Ip Man: The Final Fight: Kung Fu in Hong Kong

Ip Man: The Final Fight

Runs Fri., Sept. 20–Thurs., Sept. 26 at Grand Illusion. Rated PG-13. 102 minutes.

The flurry of films chronicling the exploits of legendary martial-arts master Ip Man (1893–1972) suggests that the subtitle here is misleading. The Final Fight? Not likely, not if this icon of coolness and nostalgia continues to sell tickets. It’s been a full three weeks since Wong Kar-wai’s The Grandmaster was released, so to recap for the uninitiated: Ip Man changed the world of kung fu with his Wing Chun style, living long enough to send forth an army of followers and teachers, among them Bruce Lee. The Final Fight begins halfway through the story (director Herman Yau already surveyed his younger years in 2010’s The Legend Is Born: Ip Man), as the man (now played by Anthony Wong) arrives in Hong Kong in 1949 after the communist takeover of mainland China. He sets up a humble school in a rooftop studio, shrugs off rivals, and establishes a curious relationship with a loyal singer (Zhou Chuchu) whose loyalty to him seems to have sprung out of a 1950s Douglas Sirk picture. Which is not a bad thing.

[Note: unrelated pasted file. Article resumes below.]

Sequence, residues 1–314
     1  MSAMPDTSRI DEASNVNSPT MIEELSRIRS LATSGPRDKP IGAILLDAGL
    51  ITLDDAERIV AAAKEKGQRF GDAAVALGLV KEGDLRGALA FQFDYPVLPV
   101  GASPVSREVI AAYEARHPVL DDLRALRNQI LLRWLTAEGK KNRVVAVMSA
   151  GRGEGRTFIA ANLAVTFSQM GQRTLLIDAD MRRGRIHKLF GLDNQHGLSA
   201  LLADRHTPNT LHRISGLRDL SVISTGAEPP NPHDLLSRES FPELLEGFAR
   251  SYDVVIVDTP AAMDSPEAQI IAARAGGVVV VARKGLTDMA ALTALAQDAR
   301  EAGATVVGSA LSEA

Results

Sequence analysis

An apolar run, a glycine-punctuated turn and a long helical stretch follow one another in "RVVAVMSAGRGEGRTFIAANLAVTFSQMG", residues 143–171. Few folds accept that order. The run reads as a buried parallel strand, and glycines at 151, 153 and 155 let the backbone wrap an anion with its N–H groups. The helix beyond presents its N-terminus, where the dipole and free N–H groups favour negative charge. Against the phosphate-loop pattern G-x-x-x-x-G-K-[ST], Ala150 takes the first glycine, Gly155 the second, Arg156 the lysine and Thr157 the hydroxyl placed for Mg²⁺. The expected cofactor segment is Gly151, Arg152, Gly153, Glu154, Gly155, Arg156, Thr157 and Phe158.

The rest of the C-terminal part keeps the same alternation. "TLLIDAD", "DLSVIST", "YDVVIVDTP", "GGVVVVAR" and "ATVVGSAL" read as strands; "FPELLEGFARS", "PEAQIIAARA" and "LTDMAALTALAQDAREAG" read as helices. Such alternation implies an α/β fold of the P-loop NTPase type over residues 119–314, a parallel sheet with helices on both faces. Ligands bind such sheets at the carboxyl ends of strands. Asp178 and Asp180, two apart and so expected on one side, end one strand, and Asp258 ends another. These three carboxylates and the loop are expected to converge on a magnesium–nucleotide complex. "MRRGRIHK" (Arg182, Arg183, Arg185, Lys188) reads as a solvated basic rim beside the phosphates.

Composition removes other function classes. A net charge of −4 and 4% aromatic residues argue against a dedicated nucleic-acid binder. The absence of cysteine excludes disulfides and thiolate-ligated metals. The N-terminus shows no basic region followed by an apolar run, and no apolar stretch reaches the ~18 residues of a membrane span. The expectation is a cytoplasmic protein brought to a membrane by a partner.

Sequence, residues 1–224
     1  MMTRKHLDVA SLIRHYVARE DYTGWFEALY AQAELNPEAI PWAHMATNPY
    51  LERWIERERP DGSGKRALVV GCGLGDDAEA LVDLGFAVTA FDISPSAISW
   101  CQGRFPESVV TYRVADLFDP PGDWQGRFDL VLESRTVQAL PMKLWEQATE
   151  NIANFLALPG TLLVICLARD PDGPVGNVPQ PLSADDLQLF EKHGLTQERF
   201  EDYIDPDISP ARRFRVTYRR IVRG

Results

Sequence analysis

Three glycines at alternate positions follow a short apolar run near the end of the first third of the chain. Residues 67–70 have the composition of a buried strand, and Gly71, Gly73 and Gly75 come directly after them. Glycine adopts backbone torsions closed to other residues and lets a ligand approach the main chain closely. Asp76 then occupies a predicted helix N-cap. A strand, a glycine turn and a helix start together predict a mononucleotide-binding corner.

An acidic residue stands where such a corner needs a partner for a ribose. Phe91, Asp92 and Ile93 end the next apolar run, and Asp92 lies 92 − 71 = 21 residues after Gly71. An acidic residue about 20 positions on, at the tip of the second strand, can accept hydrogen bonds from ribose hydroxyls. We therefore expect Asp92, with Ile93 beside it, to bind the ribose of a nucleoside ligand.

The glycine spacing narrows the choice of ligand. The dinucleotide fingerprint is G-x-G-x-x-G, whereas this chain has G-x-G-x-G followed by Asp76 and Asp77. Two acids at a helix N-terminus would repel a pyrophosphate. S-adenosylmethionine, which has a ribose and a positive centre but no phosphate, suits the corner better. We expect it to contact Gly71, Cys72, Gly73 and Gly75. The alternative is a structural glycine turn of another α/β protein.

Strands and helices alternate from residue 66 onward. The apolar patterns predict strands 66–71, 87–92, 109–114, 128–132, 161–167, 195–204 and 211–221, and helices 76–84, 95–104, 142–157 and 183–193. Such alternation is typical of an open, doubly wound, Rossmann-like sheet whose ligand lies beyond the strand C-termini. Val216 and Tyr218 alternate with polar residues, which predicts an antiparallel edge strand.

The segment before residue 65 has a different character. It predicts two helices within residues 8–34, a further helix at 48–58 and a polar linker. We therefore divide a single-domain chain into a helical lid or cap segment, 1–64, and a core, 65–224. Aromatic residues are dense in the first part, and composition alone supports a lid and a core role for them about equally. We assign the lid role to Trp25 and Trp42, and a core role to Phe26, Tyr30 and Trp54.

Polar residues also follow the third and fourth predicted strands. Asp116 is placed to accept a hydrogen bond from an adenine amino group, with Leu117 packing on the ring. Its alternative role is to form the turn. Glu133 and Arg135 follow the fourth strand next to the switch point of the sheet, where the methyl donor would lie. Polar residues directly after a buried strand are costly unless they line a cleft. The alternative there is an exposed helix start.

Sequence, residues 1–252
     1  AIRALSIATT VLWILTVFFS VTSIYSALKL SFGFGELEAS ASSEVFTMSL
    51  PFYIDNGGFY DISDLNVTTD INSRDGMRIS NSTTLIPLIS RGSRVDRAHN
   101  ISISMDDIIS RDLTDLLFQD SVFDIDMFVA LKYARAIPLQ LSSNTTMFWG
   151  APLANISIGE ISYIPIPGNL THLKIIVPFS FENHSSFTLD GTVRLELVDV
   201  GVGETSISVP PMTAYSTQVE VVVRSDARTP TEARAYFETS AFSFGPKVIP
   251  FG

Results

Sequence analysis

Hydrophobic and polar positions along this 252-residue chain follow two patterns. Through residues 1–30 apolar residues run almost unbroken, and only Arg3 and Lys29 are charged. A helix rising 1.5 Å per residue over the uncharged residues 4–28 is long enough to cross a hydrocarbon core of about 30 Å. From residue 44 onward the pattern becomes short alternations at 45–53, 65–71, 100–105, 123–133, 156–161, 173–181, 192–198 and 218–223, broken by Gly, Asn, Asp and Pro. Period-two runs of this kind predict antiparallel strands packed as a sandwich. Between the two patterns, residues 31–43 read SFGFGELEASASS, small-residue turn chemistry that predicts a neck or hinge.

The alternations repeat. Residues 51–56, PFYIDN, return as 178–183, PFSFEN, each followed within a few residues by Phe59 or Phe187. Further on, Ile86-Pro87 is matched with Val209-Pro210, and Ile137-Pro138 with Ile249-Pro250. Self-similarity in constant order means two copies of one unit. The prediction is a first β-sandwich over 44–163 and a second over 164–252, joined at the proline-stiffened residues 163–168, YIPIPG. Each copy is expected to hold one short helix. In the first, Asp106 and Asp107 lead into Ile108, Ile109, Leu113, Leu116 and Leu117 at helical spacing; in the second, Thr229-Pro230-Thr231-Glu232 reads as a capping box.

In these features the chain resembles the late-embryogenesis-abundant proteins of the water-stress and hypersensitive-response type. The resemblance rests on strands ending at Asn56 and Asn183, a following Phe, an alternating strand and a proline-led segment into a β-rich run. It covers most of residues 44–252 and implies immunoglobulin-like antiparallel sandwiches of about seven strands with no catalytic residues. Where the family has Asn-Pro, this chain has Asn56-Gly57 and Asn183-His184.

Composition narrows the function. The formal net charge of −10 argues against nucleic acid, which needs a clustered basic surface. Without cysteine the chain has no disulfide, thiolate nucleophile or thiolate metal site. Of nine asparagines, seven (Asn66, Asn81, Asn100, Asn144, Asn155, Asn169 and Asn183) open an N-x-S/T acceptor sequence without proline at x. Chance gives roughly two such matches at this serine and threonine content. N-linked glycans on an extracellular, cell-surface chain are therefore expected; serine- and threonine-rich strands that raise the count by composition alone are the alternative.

The movie haphazardly tosses out a series of chewy scenes: Ip Man schooling his hazily sketched students, settling the occasional fight with a thug, and—in the film’s irresistible centerpiece—engaging another grandmaster (jovial Eric Tsang) in a showdown that becomes a mutual-admiration session. The Grandmaster’s loftier aspirations are nowhere to be seen here, but Yau’s storytelling beats turn out to be perfectly enjoyable on their own terms. The climactic stretch of kung fu is set up with the broadly drawn motivations you want in this kind of exercise.

In the lead role, Wong doesn’t have the fighting chops of someone like Donnie Yen, who played Ip Man in two action-oriented biopics, but that turns out to be all right. If anything, Wong’s propensity for just standing there stone-faced while fending off his opponents’ blows only adds to the mysterioso effect of Wing Chun. And the saturnine Wong is a real actor, a veteran of the Infernal Affairs trilogy and Jonnie To’s glorious Exiled. Fast hands are important in a martial-arts picture, but so are expressive eyes. Wong’s got them.

film@seattleweekly.com

 
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